Dirty Dancing Star Jane Brucker Shares the Story Behind the ‘Hula Hana’ Song


Are you familiar with the “Hula Hana” song from Dirty Dancing where Lisa Houseman (Jane Brucker) delivers a tone-deaf rendition for an upcoming talent show, complete with dance? While not at well known as the iconic lift scene between Lisa’s sister Baby (Jennifer Grey) and Johnny (Patrick Swayze), it’s still a favorite fan scene in its own right.

In an interview with Entertainment Weekly Brucker said that once, at a film festival anniversary screening, she thinks it was the 10th anniversary of the movie, she walked into a movie theater in L.A., and nobody recognized her. She felt anonymous. That all changed at the beginning of the talent show rehearsal scene when the camera pans over from the piano player.


“In the screening when the scene started, the audience started cracking up and applauding. I went, ‘whoa!’ They knew what was coming, and they laughed and showed appreciation. Before that moment in the screening, I thought, ‘well, I had a nice little part in a movie once, big deal.’ But when that piano started, and everybody started laughing, I was like, ‘they noticed!’”

Originally the song in the scene was supposed to be “Some Enchanted Evening,” but it was too expensive. They were going to cut it until either screenwriter Eleanor Bergstein or director Emile Ardolino said, “unless you wanna write something?” So Brucker said, “yeah. I write stuff doing improv all the time. I’ll write something.”

Brucker wrote the story of the spoiled brat living on the island during breaks, which she had plenty of since she didn’t have a huge part. She can’t remember whose idea it was to make the song a hula but thinks it was probably choreographer Kenny Ortega. It was all the rage to do tropical themes at the time because of South Pacific.

“[At some point] Kenny said, “Put ‘wacka wacka’ in it.” I thought you couldn’t put “wacka” in the song because it sounded like “whack off.” I thought he was nuts. “You can wacka if you wanna?” Really? But then I thought, “Wait a minute, the movie’s called Dirty Dancing. Maybe I’m just square.” [Laughs]”

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Credit Where Credit Is Due


Brucker didn’t get credit for co-writing the song until years later. At the time, she didn’t want to upset the producers by insisting that she should get something for writing the song, so she let it go. Then, when the movie became a big hit, she didn’t have any resources because the statute of limitations had run out. But when they did it as a stage production in Australia back in 2004, she was able to get a credit for the song written for the stage and retroactively whenever it plays in the film.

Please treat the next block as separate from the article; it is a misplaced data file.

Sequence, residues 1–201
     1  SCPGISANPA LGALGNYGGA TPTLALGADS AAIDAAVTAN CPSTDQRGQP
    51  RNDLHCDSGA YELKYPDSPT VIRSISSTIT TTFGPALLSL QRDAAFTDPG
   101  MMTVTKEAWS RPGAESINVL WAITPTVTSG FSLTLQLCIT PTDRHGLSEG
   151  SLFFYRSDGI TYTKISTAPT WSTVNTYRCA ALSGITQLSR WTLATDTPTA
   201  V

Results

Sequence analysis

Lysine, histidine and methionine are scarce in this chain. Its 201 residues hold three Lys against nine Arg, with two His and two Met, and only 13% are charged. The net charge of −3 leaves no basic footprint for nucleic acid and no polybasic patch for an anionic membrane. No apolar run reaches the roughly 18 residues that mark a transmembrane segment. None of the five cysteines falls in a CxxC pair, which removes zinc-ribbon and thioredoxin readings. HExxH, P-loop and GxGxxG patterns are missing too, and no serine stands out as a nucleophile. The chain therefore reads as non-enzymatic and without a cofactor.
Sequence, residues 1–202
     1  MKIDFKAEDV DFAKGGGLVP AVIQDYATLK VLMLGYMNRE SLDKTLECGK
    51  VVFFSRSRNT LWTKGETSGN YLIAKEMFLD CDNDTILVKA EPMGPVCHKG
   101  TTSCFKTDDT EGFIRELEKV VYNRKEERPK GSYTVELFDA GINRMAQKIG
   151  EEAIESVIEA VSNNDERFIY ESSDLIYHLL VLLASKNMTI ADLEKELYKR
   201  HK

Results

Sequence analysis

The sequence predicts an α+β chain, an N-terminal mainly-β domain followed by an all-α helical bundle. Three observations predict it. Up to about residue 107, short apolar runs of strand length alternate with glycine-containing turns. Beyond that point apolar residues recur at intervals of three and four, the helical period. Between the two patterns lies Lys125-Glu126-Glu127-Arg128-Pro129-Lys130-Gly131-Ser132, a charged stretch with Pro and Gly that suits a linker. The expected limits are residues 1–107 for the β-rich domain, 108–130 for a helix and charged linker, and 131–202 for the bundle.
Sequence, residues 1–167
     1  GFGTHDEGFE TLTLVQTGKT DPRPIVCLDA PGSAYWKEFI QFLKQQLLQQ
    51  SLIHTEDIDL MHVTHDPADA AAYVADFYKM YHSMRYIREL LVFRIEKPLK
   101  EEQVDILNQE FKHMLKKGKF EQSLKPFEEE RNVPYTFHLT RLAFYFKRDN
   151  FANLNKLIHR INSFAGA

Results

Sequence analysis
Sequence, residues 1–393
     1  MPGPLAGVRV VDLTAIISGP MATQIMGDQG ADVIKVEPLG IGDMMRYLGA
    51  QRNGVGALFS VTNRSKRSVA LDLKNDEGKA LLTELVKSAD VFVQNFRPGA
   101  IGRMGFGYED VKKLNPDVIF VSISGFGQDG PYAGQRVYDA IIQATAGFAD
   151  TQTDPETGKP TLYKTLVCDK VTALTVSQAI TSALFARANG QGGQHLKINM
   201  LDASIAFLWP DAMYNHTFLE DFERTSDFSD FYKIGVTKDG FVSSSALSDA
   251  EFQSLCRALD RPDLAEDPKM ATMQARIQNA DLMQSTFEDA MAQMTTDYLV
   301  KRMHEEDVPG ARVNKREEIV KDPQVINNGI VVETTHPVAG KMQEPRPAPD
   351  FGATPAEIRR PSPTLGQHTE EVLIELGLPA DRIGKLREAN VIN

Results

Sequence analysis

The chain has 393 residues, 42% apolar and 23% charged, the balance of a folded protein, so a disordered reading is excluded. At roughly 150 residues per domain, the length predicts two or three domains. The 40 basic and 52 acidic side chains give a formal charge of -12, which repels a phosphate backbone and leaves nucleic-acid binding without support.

“When I first heard about the song being used in a stage musical, I got in touch with Kenny Ortega. I was on a cell phone at the farmers market here in L.A., and he’s going, ‘oh Jane, of course. We’ll split it 50-50. Let’s do it.’ But then he goes, ‘I’ll do it if you sing that last note at the end.’ I was like, ‘Kenny, I can’t. I’m in a parking lot at the farmers market.’ He said, ‘No, I’m not gonna do it unless you sing the last note!’ So, I bent into my car and sang, ‘away, away, awaaaaaaaay.’ He said, ‘Thank you very much.’ And that was that.”

She settled on Lisa’s “hypnotically off-key” singing style because Brucker thought she might hit the note and then lose it because Lisa aspires to do more than she can. So she wanted to hit it and then fall off, “like, she’s almost elegant, but she is not quite there.” She also ad-libbed the part where Lisa counts to herself (“…and it’s worth it when they watch her shake her grass! Four, five…”).

Brucker basically improvised the dance she did for the scene because Brucker was given no time. She was told that she would be in the background, and Ardolino would try to get a single shot of it if there was time at the end. So since it didn’t have to be a big, choreographed dance, Ortega and she huddled in the corner and came up with it. Brucker doesn’t take sole credit for any of it, but she thinks the bow at the end was her.

“I waited in my trailer, and then I got a knock on the door, and so we did it in two takes. It just wasn’t very complicated. It was pretty improvised with Kenny. He [came up with] more of the elbow stuff, and I didn’t understand what he was doing. But now I do, because that’s how the men on the islands dance.”

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